«THE RHODESIAN CRISIS IN BRITISH AND INTERNATIONAL POLITICS, 1964-1965 by CARL PETER WATTS A thesis submitted to the University of Birmingham For the ...»
THE RHODESIAN CRISIS IN BRITISH AND
INTERNATIONAL POLITICS, 1964-1965
CARL PETER WATTS
A thesis submitted to the University of Birmingham
For the degree of DOCTOR OF PHILOSOPHY
School of Historical Studies
The University of Birmingham
University of Birmingham Research Archive
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Abstract This thesis uses evidence from British and international archives to examine the events leading up to Rhodesia’s Unilateral Declaration of Independence (UDI) on 11 November 1965 from the perspectives of Britain, the Old Commonwealth (Canada, Australia, and New Zealand), and the United States. Two underlying themes run throughout the thesis.
First, it argues that although the problem of Rhodesian independence was highly complex, a UDI was by no means inevitable. There were courses of action that were dismissed or remained under explored (especially in Britain, but also in the Old Commonwealth, and the United States), which could have been pursued further and may have prevented a UDI. Second, the thesis argues there were structural weaknesses in the machinery of government of each of the major actors, but particularly in Britain. This made the management of the Rhodesian Crisis more difficult, contributed to the likelihood of a UDI, and exacerbated tension in relations between Britain and its international partners. In stressing these themes the thesis builds upon some of the earlier literature that was critical of the Labour Government’s foreign and Commonwealth policies. Although this thesis is primarily an international history, it also makes use of theories from political science and international relations to frame certain aspects of the empirical research.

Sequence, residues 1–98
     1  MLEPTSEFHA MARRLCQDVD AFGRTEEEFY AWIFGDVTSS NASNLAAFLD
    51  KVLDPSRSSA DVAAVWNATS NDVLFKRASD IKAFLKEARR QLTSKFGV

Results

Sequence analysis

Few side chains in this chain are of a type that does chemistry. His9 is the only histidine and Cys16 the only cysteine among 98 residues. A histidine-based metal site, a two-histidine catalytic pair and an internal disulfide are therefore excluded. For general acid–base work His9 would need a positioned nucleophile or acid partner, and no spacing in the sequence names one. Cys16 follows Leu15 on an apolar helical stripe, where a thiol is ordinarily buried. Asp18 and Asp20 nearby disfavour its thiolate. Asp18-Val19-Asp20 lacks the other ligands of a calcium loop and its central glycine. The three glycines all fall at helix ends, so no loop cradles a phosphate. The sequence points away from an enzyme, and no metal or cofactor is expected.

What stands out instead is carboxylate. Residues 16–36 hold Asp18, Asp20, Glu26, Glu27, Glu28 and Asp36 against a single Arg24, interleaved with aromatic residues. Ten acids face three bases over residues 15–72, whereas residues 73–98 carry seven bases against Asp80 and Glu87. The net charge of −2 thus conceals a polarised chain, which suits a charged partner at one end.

Dedication This thesis is dedicated to my mother, Patricia, and my father, Peter.
They always encouraged me to walk this path.
Acknowledgements This thesis was completed without any assistance from the Arts and Humanities Research Board, but fortunately there are several institutions that did consider my scholarship to be worthy of funding and Iam pleased to acknowledge them here. I am grateful to the School of Historical Studies at the University of Birmingham for providing me with fees bursaries in the academic years 1998-1999 and 1999-2000, without which I would never have begun my research. The University of Birmingham also kindly awarded me a George Henry Marshall Scholarship in 1999-2000, which was the only year in which my research was properly funded. I am obliged to the Royal Historical Society, which provided me with some travel funds to undertake a great deal of archival research in the UK during 1999, and in the USA during 2003. My trips to the Lyndon Baines Johnson Library, Texas, and the Bentley Historical Library, Michigan, revived my enthusiasm for the PhD and gave me the necessary material for articles that were subsequently published in the Michigan Academician and Diplomatic History. I would also like to thank the Department of History, and the Research and Development Office at Grand Valley State University, where I was employed as a Visiting Assistant Professor, 2003-2006. During that period, GVSU very generously provided full funding for me to present my research at the 30th Annual Meeting of the Western Conference on British Studies in Tucson, Arizona (October 2003); the Annual Conference of the Society for Historians of American Foreign Relations in Austin, Texas (June 2004); the Transatlantic Studies Association Conference in Nottingham (July 2005); and the ‘Rhodesian UDI: 40 Years On’ Conference in the Cold War Studies Centre, London School of Economics and Political Science (January 2006).